#### Abstract

Based on the invariant theory of continuum mechanics by Spencer, the strain energy depends on deformation, fiber direction, and the gradients of the fiber direction in the deformed configuration. The resulting extended theory is very complicated and brings a nonsymmetric stress and couple stress. By introducing the gradient of fiber vector in the current configuration, the strain energy function can be decomposed into volumetric, isochoric, anisotropic, and bending deformation energy. Due to the particularity of bending deformation, the reinforced material has tensile deformation and compression deformation. The bending stiffness should be taken into consideration, and it is further verified by the bending simulation.

#### 1. Introduction

The theory of finite deformation of fiber-reinforced composites based on the continuum mechanics theory was first proposed and established by Adkins and Rivlin [1]. Spencer used the invariant method [2, 3] to represent the fiber direction as a unit vector in the reference configuration. Spencer further refined the theory of finite deformation of fiber-reinforced composites. This method is widely used in the finite deformation of composite materials, especially in the industrial and biomechanical fields, i.e., air compression springs composed of fiber-reinforced materials [4] and intervertebral disc tissue in biology, and it achieved success. The results demonstrate the effectiveness of this model. Peng et al. proposed a new constitutive equation [5], which divides the energy function (per unit reference volume) of human intervertebral disc annulus into three parts: matrix, fiber, and the interaction of the two, and determines the material parameters, experiments, and simulation through step by step experiments. The data are in good agreement. Another important application in biomechanics is the establishment of arterial wall constitutive [6]. Steigmann developed a model for the mechanics of woven fabrics in the framework of two-dimensional elastic surface theory [7]. The implementation of an enhanced modelling approach for fiber-reinforced composites is presented which may, in addition to the directional dependency induced by the fibers, allow the capturing of the fiber bending stiffness [8]. Comparison of simulation results with analytical solutions was made with respect to the fiber-reinforced composites with fiber bending stiffness under azimuthal shear [9]. Soldatos researched the invention of methods appropriate for characterization of fiber-reinforced materials that exhibit polar material behavior due to fiber bending resistance [10]. A linear model, framed in the setting of the second strain gradient theory, is presented for the mechanics of an elastic solid reinforced with fibers resistant to flexure [11].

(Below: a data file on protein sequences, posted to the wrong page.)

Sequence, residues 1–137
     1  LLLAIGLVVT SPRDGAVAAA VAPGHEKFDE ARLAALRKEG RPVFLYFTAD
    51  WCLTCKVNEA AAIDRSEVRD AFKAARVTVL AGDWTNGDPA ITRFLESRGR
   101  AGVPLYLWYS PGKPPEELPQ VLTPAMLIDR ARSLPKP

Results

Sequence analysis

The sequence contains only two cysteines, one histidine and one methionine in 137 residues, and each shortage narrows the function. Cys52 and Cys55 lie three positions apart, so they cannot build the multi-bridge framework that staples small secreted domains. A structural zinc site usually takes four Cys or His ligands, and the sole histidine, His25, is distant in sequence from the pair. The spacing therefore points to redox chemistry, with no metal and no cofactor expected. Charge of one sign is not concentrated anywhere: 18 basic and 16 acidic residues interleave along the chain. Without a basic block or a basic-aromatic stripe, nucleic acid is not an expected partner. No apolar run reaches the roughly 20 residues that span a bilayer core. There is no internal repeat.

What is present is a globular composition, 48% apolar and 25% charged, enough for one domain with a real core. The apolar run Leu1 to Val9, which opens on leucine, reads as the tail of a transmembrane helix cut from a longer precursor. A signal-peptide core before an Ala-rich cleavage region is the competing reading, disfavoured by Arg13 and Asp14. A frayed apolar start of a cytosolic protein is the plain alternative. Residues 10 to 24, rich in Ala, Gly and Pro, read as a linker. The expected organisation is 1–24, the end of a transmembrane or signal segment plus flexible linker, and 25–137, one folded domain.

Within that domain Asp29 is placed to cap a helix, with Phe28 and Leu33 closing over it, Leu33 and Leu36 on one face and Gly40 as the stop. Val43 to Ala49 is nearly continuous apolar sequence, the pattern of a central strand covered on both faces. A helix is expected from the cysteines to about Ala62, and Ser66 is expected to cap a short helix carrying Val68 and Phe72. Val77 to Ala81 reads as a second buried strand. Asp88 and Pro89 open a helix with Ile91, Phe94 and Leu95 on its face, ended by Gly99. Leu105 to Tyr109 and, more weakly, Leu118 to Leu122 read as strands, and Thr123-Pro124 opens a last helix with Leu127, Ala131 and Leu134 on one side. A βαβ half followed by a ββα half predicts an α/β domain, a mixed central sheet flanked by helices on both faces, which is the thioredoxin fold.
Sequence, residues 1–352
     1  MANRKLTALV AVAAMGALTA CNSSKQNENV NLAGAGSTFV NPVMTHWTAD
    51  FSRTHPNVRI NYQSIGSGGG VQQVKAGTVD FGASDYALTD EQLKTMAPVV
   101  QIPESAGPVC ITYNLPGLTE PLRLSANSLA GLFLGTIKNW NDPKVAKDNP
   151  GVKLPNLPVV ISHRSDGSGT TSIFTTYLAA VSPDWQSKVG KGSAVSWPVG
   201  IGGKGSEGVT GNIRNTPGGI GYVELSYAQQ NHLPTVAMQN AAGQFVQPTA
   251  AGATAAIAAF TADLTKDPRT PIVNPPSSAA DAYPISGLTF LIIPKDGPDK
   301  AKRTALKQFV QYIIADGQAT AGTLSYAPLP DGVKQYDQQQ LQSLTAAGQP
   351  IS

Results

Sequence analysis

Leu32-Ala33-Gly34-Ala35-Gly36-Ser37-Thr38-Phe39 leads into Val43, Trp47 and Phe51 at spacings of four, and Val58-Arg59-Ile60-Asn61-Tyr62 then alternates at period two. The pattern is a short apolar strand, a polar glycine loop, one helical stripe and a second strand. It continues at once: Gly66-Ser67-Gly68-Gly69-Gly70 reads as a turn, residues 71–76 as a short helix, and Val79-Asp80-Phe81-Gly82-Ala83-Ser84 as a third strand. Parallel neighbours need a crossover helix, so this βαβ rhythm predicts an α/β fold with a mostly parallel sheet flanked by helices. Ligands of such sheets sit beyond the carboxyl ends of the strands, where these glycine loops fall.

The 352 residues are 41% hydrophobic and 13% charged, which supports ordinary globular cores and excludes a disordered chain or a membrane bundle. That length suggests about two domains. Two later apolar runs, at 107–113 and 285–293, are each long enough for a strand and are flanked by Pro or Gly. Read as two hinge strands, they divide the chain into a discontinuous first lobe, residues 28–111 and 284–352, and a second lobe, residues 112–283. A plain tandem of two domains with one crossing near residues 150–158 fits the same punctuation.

However, when this homogenous constitutive model based on continuum mechanics is applied to the bending model, it is found that the constitutive model cannot accurately describe the mechanical behavior of bending [3]. There is a premise that the fiber is infinitely soft under uniaxial compressive condition. This is a valid assumption in most cases, such as stretching and compression. In the conventional theory, there are no parameters in terms of dimensions, and thus it cannot explain the size effect in any aspect. For this reason, Spencer established an invariant-based model that considers the fiber size effect [3], but the model is too complex for practical application.

Based on the invariant theory established by Spencer [12], this paper attempts to establish an anisotropic hyperplastic constitutive model with bending stiffness, i.e., increasing the parameter dependent on the fiber direction vector gradient in current deformation and establishing the relationship with curvature. The comparison between the simulation results and the bending experimental data of the rubber-cord composite proves the correctness of the model.

#### 2. Rubber-Cord Constitutive Model

##### 2.1. Constitutive Model of Conventional Anisotropic Hyperelastic Fiber-Reinforced Composites

According to Spencer’s theory of anisotropic fiber-reinforced composites [3], the Helmholtz strain energy function (per unit reference volume) depends on the deformation and fiber direction :where the tensor **F** is deformation gradient *t*, the tensor is the right Cauchy–Green deformation, and the tensor **A** () is of order two.

The Helmholtz strain energy function per unit volume can also be written in the form of invariants for **C** and **A**: